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Upright Row Exercise Variations

Upright Row Exercise Variations

Upright rows are one of the key exercises to developing a strong upper back and shoulders. Weightlifters have been doing a variation of this exercise to strengthen and prepare their upper body for both the Clean and Jerk, and Snatch. Even though you should not be performing the upright rows in the same fashion as Olympic weightlifters, you can adapt this exercise to your everyday training.

Not only will uprights rows improve your posture and strengthen your upper back and shoulder, but it will also have a significant carry over to other exercises such as bench press, shoulder press, rows etc. The only problem with this exercise is that too many beginners try to do this exercise without knowing how to execute it with the perfect form.

Muscle groups worked:

Front and Middle deltoids, trapezius, rhomboids, biceps.

Exercise Variations:

Barbell: Straight Bar/EZ Curl Bar:

This exercise is quite heavy on your wrists. It becomes quite uncomfortable to lift the bar up at the top of the movement. If you have wrist mobility issues you can always try to perform this exercise with an EZ Curl Bar. It would place your wrists into a more natural position, especially at the top of the lift.

How to:

- Use slightly wider grip for this variation.

- Tense your core before you begin the lift.

- Raise the barbell to just above your nipple line.

- Keep your elbows flared out throughout the whole movement.

- Squeeze the muscle.

- Slowly bring the barbell down to the starting position.

The barbell upright rows are one of the more dangerous variations of this exercise. It is easier to cause impingement in your shoulder than doing the exercise with dumbbells. If you feel like you do not have the necessary mobility to perform this exercise with perfect form, you can always try less taxing yet just as effective variations:

The Snatch Pull

If you are not into weightlifting, CrossFit or functional training, there is no need to perform this exercise in a hyper explosive fashion. You also do not have to do this exercise from the ground.

How to:

- Ideally, you would perform this exercise variation from an elevated platform like your squat rack’s spotters.

- Choose a wide grip for this exercise. If you have long arms, you will grip at the end of the barbell, if you have shorter arms, grip it at the knurl markings.

- Tense your core and bring the barbell up to your ribcage.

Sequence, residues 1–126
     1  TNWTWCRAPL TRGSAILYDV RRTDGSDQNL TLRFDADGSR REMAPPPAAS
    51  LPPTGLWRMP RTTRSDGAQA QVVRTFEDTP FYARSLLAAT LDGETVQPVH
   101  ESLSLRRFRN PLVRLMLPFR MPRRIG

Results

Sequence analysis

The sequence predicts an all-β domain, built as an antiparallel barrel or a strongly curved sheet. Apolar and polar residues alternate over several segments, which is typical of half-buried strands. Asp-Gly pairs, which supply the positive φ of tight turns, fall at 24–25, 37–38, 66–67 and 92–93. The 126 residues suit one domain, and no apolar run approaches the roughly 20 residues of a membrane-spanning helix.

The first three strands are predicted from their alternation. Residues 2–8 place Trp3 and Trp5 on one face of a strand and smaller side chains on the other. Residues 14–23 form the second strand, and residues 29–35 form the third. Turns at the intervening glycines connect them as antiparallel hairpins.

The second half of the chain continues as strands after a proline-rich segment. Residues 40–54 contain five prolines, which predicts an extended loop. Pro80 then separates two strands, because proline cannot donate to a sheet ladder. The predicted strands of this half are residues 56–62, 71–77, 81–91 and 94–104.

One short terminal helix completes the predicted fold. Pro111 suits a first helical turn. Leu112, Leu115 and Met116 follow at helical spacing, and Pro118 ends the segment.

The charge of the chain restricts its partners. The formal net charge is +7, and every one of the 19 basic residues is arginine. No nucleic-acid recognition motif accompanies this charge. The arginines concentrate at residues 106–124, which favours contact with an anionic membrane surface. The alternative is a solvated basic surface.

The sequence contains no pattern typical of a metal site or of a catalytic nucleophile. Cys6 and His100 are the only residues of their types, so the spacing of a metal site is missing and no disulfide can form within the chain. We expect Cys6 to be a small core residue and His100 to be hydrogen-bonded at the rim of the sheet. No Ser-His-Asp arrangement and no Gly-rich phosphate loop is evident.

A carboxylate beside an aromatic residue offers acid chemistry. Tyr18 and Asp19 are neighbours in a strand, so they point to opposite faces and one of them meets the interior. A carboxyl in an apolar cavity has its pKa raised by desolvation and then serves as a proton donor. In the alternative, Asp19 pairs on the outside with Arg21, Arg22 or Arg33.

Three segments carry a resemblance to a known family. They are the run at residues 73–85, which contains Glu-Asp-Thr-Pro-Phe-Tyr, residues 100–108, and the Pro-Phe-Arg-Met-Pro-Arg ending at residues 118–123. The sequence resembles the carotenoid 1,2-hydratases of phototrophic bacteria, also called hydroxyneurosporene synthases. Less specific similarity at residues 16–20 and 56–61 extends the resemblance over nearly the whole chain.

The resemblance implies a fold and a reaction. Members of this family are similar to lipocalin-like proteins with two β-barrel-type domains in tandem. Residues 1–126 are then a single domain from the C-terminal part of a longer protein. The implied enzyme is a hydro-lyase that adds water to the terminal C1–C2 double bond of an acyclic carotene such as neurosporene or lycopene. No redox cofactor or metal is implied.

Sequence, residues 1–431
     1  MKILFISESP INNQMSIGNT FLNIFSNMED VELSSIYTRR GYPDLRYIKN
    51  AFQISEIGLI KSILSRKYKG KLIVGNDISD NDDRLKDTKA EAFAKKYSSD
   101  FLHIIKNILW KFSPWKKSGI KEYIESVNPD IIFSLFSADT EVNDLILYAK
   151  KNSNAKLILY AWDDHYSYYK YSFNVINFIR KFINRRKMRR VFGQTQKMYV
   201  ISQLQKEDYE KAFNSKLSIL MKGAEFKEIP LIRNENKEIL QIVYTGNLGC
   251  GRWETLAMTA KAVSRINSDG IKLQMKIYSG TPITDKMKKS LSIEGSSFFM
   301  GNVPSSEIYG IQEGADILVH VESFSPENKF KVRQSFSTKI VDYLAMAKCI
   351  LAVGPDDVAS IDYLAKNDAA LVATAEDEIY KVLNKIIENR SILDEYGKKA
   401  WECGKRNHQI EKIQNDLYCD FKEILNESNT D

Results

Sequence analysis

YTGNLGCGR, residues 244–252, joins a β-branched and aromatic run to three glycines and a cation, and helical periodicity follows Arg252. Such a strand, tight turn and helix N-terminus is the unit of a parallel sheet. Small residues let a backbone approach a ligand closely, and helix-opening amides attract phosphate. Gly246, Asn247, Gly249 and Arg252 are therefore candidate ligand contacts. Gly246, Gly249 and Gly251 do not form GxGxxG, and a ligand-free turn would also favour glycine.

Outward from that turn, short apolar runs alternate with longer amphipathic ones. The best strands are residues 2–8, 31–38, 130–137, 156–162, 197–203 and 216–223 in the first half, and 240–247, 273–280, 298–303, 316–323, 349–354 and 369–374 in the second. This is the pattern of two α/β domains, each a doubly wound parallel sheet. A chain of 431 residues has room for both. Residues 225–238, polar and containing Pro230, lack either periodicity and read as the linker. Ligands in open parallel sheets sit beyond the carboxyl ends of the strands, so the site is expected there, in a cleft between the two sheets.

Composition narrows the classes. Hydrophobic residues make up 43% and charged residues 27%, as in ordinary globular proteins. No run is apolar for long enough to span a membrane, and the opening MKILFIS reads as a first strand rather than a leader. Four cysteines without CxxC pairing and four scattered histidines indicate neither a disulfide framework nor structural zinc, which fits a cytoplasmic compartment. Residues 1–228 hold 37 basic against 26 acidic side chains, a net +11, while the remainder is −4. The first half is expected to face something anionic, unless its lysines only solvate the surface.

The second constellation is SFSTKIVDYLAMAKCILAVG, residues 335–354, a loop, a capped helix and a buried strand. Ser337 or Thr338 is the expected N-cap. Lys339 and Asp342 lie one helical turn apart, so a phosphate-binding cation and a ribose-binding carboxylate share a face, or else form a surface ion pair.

- Squeeze the muscles and slowly lower the barbell down to the starting position.

- Always breathe out during the harder movement.

Smith Machine

Smith Machine Upright rows are a great way to develop your upper back without overloading your stabilizer muscles. The fixed path will help you to control the bar and focus on the muscle.

How to:

- Use close grip for this variation.

- Keep the barbell close to your body.

- Lift the barbell up to just above your nipple line.

- Keep your elbow flared out.

- Squeeze the muscle at the top of the movement.

- Slowly bring the barbell down to the starting position.

Dumbbell

Dumbbell Upright Rows are great if you have mobility issues since the movement is not fixed your wrists have room to move.

How to:

- Grab a pair of light dumbbells.

- Use pronated grip for this exercise.

- Lift the dumbbells up to around your neck.

- Keep your elbows flared out and tense your core.

- Squeeze the muscle at the top of the movement.

- Slowly return to the starting position.

Cable Row Handle

One of the lesser-known variation of this exercise. It can also be done with two stirrup handles. This variation gives your elbows and shoulders much more room to move around.

How to:

- Connect an extension chain to the Lat Machines Low Pulley.

- Use overhand/pronated grip for this exercise.

- Tense your core and slowly bring the bar up to your chin.

- Squeeze the muscles at the top of the movement.

- Slowly return to the starting position.

How Many Reps should you perform?

Upright Row is an exercise where all your focus should be on the execution of the exercise and not the weight lifted. I would recommend performing somewhere between 8-12 repetitions each set.

Should you do this exercise at the beginning or at the end of your workout?

I would recommend doing this exercise at the end of your workout when your muscles and joints are properly warmed up. This way you will reduce the likelihood of injury.

Common Mistakes

- Not tensing your core – this puts too much stress on your lumbar spine.

- Not keeping elbows higher than the bar/dumbbell/attachment – this shifts the focus from the middle of your back to your traps and biceps.

- Going too heavy – you will risk and increased chance of injury while not getting any additional results since you will be recruiting other muscle groups.

- Pushing through pain – if you have wrist or shoulder mobility issues – do not try to power through, instead find a variation which you could perform without any discomfort!

Linas Valuckas
Posted by Linas Valuckas

My name is Linas, I moved to Australia from Lithuania to study. I work part time at Sam's Fitness as a Digital Media Specialist which involves uploading and managing the content on the many platforms we operate on. So this combines my two passions - weight training and computers! 

 If you have any questions about bench pressing I am more than happy to share my Soviet era bench regimes - all the secrets from behind the Iron Curtain!